Like fire and ice: Consumer health information on the internet and

Eysenbach G, Yihune G, Lampe K, Cross P, Brickley D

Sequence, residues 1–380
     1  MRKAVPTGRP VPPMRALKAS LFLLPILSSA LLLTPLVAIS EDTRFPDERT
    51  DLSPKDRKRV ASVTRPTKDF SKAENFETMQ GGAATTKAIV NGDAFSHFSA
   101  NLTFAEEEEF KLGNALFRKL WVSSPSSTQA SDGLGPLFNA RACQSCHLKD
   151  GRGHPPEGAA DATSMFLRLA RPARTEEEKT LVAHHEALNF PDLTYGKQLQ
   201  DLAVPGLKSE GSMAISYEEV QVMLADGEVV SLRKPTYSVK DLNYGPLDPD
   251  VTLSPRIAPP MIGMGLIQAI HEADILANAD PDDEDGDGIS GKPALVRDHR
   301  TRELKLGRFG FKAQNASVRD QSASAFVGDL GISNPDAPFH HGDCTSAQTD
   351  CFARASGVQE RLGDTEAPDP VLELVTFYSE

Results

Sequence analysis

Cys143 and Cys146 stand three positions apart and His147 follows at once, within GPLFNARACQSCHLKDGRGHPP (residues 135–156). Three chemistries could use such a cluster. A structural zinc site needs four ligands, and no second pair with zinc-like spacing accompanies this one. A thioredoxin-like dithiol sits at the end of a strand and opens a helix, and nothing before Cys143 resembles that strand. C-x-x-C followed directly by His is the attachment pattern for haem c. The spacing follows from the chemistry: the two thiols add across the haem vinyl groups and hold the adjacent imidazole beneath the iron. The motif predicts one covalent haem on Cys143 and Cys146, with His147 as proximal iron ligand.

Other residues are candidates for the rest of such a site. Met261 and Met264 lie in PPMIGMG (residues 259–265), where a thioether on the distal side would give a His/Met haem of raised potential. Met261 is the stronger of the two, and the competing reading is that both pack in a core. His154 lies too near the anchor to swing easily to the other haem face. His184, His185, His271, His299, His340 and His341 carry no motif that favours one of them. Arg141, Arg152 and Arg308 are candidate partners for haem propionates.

Abstract: The Internet is rapidly becoming the most important mass medium in the 21stcentury. In a recent systematic review we have identified more than 30 papers which evaluate the quality of health information for consumers on the Internet (Eysenbach & Sa, in preparation). Almost all authors come to the conclusion that the majority of information on the Internet is poor and not evidence-based. On the other hand, the Internet has clearly the potential to act as a catalyst for evidence-based medicine, not only because it provides an infrastructure for health professionals to access resources and databases and helps systematic reviewers to identify unpublished evidence (Eysenbach et al., submitted), but also because it allows consumers to draw from the same knowledge base, thereby increasing consumer involvement in healthcare decision making and increasing the pressure on caregivers to deliver high quality health services.[1] But to achieve this, evidence-based information should be recognizable as such and identifiable for consumers on the web. In a recently launched project named medCERTAIN (medPICS Certification and Rating of Trustworthy and Assessed Health Information on the Net), supported by the European Union under the "EU Action Plan for Safer Use of the Internet", health information on the web will be "labeled" with meta-information. A technical and organisational infrastructure will allow associations (e.g. medical societies) and individuals (e.g. medical domain experts) to rate (i.e. to assign metadata to) health information on the Net, in a distributed, decentralised way, to allow consumers to put greater trust into reliable, evidence-based health information on the Net. Consumers will be able to use their browsers, or additional software or search engines to retrieve this metainformation automatically in the background whenever they access a website . Similarly, health kiosks (publicly accessible Internet terminals for use in libraries and hospitals) will use this infrastructure to limit access to quality assessed content on the web, or to display disclaimers if the consumer is leaving the "evidence-based" (rated) subset of the web. A "Collaboration for Critical Appraisal of Internet Health Information", proposed already in 1997 [2,3] is currently being formed, which brings together organisations and individuals who are active in the field of reviewing, appraising, rating, evaluating health information on the web, based on the consensus criteria, and to further develop methods and to exchange data. Together with the Cochrane Collaboration, this initiative hopes to improve dissemination of evidence to consumers on the Internet and thereby to advance evidence-based decision making in health care in empowering consumers to make informed, evidence-based decisions. 1. Eysenbach G, Sa ER, Diepgen TL. Shopping around the internet today and tomorrow: towards the millennium of cybermedicine. BMJ 1999;319:1294 [full] 2. Eysenbach G, Diepgen TL. Labeling and filtering of medical information on the Internet. Methods Inf.Med. 1999;38:80-88. 3. Eysenbach G, Diepgen TL. Towards quality management of medical information on the internet: evaluation, labelling, and filtering of information. BMJ. 1998;317:1496-1500